Tuesday, September 05, 2006

The U.S. is Going It Alone in Iranian Nuclear Denial

Friday's Investor's Business Daily had a firm editorial indicating that the United States is essentially alone in its policy of seeking to deny nuclear capabilities to Iran, that missile defense is looking more and more workable and attractive, and that a possible preventive strike against Tehran's nuclear facilities should remain on the table:

The U.S. is bravely pushing ahead with sanctions against Iran. But why bother? Neither Europe, Russia nor China will agree to anything beyond a wrist slap. And Iran won't stop enriching uranium.

On July 31, the U.S. and its supposed allies passed U.N. Resolution 1696, which requires Iran to halt its uranium enrichment activities or face a series of mild economic sanctions. Iran was given until Thursday to stop. It didn't.

Instead, it issued declarations of defiance. "Exploitation of peaceful nuclear energy is our obvious right," President Mahmoud Ahmadinejad told a rally Friday. "We'll never give up our legal right."

On one thing, he's correct: Peaceful use of nuclear energy is his nation's right. But Tehran's actions appear anything but peaceful.

Just last month, for example, it doubled output at a heavy-water enrichment plant. This lets Iran use unenriched uranium mined from within its borders — rather than having to buy it from others.

There's also the curious case of the Iranian government laptop computer obtained by the U.S. in 2004. It contained bomb designs and other technology clearly meant for weapons, not peace.

Then there's the strange, deep hole Tehran drilled earlier this year — a 400-meter shaft with special built-in sensors to measure heat and pressure and with only one logical use: to test a bomb.

Iran already has 18 nuclear sites, carefully placed around the country. It has hundreds of sophisticated P-1 and P-2 centrifuges — used to enrich uranium for bombs — and plans to have 3,000 in a few years. All this translates into a burgeoning nuclear capability.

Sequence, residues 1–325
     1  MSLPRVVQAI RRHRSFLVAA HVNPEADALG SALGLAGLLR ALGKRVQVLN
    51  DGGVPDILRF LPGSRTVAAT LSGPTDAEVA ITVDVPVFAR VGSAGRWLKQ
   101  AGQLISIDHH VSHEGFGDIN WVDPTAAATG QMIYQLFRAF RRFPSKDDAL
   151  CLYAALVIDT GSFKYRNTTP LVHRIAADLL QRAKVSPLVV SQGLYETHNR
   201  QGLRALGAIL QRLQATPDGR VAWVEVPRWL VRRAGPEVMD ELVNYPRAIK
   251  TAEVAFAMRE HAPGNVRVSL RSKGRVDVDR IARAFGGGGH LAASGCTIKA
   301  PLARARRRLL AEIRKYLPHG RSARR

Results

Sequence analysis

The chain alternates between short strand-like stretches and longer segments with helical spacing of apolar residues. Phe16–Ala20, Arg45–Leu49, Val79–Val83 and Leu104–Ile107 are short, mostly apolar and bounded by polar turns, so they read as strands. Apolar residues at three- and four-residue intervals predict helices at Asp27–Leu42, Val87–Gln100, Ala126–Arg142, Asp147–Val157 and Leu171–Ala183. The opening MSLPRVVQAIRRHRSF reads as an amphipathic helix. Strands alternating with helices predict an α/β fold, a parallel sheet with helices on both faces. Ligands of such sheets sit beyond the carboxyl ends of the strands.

The International Atomic Energy Agency [IAEA] recently warned that Iran's Isfahan nuclear facility had already turned 37 tons of "raw uranium . . . into uranium hexafluoride" — enough, experts say, for as many as six atomic bombs.

The U.S. believes another Iranian nuclear reactor, at Bushehr, could eventually produce enough plutonium a year for 30 bombs.

By the way, the IAEA — which has bent over backward to help Iran avoid sanctions — questioned in its final report Thursday "the peaceful nature of Iran's nuclear program."
With such evidence, where are our "allies"? Well, where they always are. "Diplomacy," said Finnish Foreign Minister Erkki Tuomioja, speaking for the EU, "remains the No. 1 way forward."

Russia's no better. It "regrets" Iran's decision, but won't support sanctions. (It has big contracts to build nuclear plants in Iran.) Ditto China, which imports huge amounts of energy from Iran.

That leaves us. Faced with Iran's clear intent and our allies' failure of will, what can we do? Plenty. And we're already doing it.

U.N. Ambassador John Bolton is pushing ahead with sanctions — as much, we suppose, to shame our feckless allies as to punish Iran.

Perhaps more important, the U.S. Missile Defense Agency on Friday announced it successfully shot down a streaking warhead over the Pacific with a ground-based missile defense system. This, the Pentagon said, gives us a "good chance" to shoot down a North Korean nuclear missile.

Missile defense is looking better all the time. A workable system may take a couple of years to complete, so there's no time to lose. By then, Iran might have a nuke.

Before that, we might have to strike first — and decimate a nuclear threat the world should have never allowed in the first place.

I blogged about America's approach to Iranian proliferation in May, citing Victor Davis Hanson's essay suggesting that soon enough President Ahmedinejad's aggressive actions would convince the U.S. and Europe that preventive action would necessary.

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